PASADENA, Calif. -- The most powerful camera aboard a NASA spacecraft orbiting Mars has returned the first pictures of locations on the Red Planet suggested by the public.
The High Resolution Imaging Science Experiment, or HiRISE camera, aboard NASA's Mars Reconnaissance Orbiter is nicknamed, "the people's camera." Through a program called HiWish that began in January, scientists have received approximately 1,000 suggestions. The first eight images of areas the public selected are available online at: http://www.nasa.gov/mission_pages/MRO/multimedia/images20100331.html .
"NASA's Mars program is a prime example of what we call participatory exploration," NASA Administrator Charlie Bolden said. "To allow the public to aim a camera at a specific site on a distant world is an invaluable teaching tool that can help educate and inspire our youth to pursue careers in science, technology, engineering and math."
Since 2006, HiRISE has obtained approximately 13,000 observations covering dozens of square miles, including areas from a student-suggestion program called NASA Quest. However, only about 1 percent of the Martian surface has been photographed.
NASA has provided other opportunities for the public to see and explore Mars. A camera on NASA's Mars Global Surveyor imaged 1,086 targets suggested through a public-request program from 2003 until 2006. Launched on Nov. 7, 1996, the probe pioneered the use of aerobraking at Mars and mapped the surface. The original one-year mission was extended four times until November 2006.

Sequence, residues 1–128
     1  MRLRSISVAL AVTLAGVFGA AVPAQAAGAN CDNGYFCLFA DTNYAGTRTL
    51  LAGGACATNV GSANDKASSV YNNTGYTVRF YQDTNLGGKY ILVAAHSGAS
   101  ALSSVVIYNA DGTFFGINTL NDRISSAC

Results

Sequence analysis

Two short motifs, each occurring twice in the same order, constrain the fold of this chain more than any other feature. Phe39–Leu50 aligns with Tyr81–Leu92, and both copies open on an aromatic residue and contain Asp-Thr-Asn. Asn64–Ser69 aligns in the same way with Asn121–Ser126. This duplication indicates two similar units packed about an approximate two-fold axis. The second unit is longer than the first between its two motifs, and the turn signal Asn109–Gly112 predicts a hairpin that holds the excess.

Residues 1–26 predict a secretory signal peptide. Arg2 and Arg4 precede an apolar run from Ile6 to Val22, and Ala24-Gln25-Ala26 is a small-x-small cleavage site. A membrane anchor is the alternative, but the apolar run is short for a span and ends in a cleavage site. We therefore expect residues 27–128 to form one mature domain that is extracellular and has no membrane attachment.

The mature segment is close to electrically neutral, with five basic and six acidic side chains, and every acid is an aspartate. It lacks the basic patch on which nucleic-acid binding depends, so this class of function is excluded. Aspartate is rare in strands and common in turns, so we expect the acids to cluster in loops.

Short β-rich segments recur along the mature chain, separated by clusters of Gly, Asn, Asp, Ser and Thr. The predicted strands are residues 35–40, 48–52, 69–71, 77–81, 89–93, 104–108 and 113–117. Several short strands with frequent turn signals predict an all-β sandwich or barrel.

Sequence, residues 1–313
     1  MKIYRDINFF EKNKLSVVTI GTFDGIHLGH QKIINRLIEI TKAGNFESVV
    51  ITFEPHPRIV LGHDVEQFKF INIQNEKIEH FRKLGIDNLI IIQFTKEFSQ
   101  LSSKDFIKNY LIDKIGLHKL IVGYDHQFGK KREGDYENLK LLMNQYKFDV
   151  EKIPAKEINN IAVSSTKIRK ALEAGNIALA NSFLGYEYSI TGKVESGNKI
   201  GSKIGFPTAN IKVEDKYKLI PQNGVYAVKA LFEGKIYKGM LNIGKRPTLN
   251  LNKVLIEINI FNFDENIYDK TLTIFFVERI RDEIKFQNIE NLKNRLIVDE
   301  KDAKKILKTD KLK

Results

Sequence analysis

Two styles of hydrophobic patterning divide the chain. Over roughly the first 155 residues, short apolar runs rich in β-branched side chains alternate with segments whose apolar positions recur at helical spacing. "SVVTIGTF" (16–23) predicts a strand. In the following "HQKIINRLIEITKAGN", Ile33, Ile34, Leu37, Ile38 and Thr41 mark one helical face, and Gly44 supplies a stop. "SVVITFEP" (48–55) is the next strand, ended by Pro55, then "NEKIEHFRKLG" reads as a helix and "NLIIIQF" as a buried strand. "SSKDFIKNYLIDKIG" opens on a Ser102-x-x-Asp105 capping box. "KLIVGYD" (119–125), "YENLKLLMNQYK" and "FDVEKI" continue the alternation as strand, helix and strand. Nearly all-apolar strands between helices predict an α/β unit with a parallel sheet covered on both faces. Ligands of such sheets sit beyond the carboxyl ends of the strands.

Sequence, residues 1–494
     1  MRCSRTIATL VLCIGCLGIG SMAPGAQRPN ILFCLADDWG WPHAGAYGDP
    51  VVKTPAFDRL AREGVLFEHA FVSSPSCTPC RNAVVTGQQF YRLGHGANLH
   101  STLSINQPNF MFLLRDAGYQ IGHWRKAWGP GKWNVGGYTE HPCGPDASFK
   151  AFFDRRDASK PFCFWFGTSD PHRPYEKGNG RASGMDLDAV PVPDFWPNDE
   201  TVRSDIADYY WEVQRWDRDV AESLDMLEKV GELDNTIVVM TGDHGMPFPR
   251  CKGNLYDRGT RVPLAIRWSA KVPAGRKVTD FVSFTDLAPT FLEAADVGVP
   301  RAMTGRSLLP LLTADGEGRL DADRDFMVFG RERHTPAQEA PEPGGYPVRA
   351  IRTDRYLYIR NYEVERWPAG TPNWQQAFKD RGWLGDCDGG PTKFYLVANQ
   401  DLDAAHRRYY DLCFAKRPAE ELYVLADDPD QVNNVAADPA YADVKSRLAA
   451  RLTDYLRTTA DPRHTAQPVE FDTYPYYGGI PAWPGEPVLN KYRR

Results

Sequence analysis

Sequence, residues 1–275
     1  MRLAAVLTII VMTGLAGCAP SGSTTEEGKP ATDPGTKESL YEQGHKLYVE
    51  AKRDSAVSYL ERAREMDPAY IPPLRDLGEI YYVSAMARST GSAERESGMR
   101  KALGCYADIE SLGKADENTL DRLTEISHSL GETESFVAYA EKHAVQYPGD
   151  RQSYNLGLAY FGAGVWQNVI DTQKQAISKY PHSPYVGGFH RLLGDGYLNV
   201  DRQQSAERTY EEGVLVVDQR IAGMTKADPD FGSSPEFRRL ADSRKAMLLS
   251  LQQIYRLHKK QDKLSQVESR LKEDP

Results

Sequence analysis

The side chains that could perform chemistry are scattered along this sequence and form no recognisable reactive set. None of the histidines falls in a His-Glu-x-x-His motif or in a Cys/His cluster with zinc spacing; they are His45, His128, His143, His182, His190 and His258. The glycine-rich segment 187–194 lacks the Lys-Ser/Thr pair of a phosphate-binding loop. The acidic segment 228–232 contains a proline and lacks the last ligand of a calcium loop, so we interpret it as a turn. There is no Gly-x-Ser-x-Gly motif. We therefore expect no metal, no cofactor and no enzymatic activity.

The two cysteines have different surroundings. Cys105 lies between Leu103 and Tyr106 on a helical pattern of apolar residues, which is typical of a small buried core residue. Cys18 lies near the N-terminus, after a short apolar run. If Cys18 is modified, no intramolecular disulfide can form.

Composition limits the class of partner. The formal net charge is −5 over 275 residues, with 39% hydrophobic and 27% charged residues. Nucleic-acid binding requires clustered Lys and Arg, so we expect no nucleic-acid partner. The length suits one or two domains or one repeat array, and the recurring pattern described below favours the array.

"Some people get into model railroading or Civil War re-enactments. My thing is exploring Mars," said James Secosky, a retired teacher in Manchester, N.Y., who suggested an area for HiRISE imaging after he examined online images from other Mars-orbiting cameras.
Another camera aboard NASA's Mars Odyssey orbiter has taken nearly 500 images after receiving approximately 1,400 suggestions through a public-request program initiated in 2009. Odyssey has been orbiting Mars since 2001. It serves as a communications relay for Mars rovers and makes its own observations and discoveries.
HiRISE is one of six instruments on the Mars Reconnaissance Orbiter. Launched in August 2005, the orbiter reached Mars the following year to begin a two-year primary science mission. The spacecraft has found that Mars has had diverse wet environments at many locations for differing durations in the planet's history, and Martian climate-change cycles persist into the present era. The mission is in an extended science phase. The spacecraft will continue to take several thousand images a year. The mission has returned more data about Mars than all other spacecraft to the Red Planet combined.
"What we hope is that people become more interested in science and appreciate this opportunity to explore another world," said Alfred McEwen, principal investigator for the camera at the University of Arizona in Tucson. "We appreciate fresh thinking outside the box and look for things we may not have chosen otherwise. It's good to have a lot of eyes on Mars."
The University of Arizona Lunar and Planetary Laboratory operates the HiRISE camera, which was built by Ball Aerospace & Technologies Corp., in Boulder, Colo. NASA's Jet Propulsion Laboratory in Pasadena, Calif., manages MRO for NASA's Science Mission Directorate in Washington. Lockheed Martin Space Systems in Denver built the spacecraft.
For more information about the Mars Reconnaissance Orbiter mission, visit http://www.nasa.gov/mro.